4 Spine Conditions That Impact Dancers
Category: Spine | Author: Stefano Sinicropi | Date: February 4, 2016
Whether you’re a professional on Broadway or cheering on the local high school team on the Poms Squad, dancers have to be very flexible throughout their entire routine. While all that twisting, turning and bending is impressive, it also takes a heavy toll on your spine. Today, we’re going to take a look at some of the common spinal conditions that affect dancers.
A recent study out of Sweden found that lumbar back pain affected upwards of 85 percent of dancers, and that’s no surprise when you consider how often they put stress on their spine. In fact, while acute spine injuries are occasionally seen in dancers, overuse injuries from repetitive microtrauma are by far the most common types of injury. Here’s a look at some injuries caused by that trauma, and other conditions that can set in:
Medical data shows that spondylolysis occurs at a much greater frequency in dancers than in the general population. Spine specialists believe it sets because of the constant microtrauma of repetitive extension and rotation of the spine. This leads to degeneration of the intervertebral discs and narrowing of the spinal canal. Learn more about treatment of spondylolsis on this page.
Disc issues are common in older adults who have worked physical labor for decades, but it always has a higher incidence rate in dancers. Dance involves a lot of axial compression and flexion, which all slowly wears down your spinal discs. Conservative treatment is generally best for treating a bulging disc in dancers. This usually involves staying off your feet, resting and over-the-counter NSAIDs. Disc herniation may involve some more hands-on treatment.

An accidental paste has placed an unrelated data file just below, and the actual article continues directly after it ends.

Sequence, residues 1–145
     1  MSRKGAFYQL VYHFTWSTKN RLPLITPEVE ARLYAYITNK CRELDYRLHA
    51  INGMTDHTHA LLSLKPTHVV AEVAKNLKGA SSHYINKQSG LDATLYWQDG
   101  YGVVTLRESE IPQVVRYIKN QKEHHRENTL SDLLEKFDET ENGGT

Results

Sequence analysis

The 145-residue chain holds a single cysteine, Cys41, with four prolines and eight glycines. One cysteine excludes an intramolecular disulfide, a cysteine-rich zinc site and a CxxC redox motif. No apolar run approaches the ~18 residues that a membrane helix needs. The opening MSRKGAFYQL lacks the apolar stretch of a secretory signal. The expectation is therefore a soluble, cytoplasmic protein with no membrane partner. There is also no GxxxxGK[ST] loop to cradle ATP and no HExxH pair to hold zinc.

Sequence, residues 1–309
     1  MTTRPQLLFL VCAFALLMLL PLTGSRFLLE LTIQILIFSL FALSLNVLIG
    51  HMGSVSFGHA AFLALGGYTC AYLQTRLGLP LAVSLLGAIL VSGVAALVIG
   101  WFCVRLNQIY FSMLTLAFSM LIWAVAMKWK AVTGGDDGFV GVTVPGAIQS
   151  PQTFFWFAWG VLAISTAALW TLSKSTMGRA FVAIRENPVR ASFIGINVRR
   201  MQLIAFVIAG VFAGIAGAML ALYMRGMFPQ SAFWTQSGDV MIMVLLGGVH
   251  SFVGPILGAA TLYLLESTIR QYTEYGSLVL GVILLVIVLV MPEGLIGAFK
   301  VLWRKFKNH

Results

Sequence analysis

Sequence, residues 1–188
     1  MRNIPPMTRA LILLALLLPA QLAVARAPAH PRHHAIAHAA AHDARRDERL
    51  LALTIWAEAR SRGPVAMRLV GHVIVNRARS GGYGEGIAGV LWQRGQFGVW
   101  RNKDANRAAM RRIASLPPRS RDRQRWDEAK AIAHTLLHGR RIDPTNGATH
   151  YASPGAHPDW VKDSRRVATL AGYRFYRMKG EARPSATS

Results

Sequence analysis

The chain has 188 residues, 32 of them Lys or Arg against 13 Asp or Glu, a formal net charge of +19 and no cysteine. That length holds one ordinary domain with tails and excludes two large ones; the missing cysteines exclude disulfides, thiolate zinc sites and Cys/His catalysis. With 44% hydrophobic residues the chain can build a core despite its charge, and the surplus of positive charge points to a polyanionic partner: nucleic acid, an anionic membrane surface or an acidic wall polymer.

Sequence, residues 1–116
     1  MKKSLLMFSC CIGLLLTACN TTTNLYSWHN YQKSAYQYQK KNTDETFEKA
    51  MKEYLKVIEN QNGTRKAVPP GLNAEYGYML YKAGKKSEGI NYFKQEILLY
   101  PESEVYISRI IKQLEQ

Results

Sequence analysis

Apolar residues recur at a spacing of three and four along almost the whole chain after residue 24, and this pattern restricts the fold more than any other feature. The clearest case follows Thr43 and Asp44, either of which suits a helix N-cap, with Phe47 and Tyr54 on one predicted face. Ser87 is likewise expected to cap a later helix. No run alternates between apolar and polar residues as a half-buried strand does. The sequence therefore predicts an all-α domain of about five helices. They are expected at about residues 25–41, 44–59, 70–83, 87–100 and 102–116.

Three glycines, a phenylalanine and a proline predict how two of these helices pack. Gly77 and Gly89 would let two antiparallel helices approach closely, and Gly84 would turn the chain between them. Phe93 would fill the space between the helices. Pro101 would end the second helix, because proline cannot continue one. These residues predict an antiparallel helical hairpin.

Back pain in dancers can also be the result of arthritic degeneration. Again, this spinal inflammation is usually the result of repetitive microtrauma. Arthritis is more common in dancers who have been dancing on stage for years, as their spinal cartilage has taken years of abuse. Spinal osteophytes (bone spurs) can also develop over time, which can lead to inflammation and arthritis. Rest, anti-inflammatories and anti-lordotic exercises can help combat painful spinal arthritis.
Repetitive flexion or acute trauma can lead to spinal fractures in dancers. The treatment of spinal stress fractures involves alleviating the pain and modifying some dancing techniques to prevent recurrence. Other modifications include torso and back taping during activity, abdominal strengthening, pelvic-tilt exercises and rest.
If you dance or your child is a gymnast complaining of back pain, consider setting up a consultation with a spine specialist. With so much repetitive stress on the spine, injury and soreness is almost unavoidable. Your doctor can explain the mechanics of your spine and talk you through different exercises to strengthen and prevent injuries in your spine.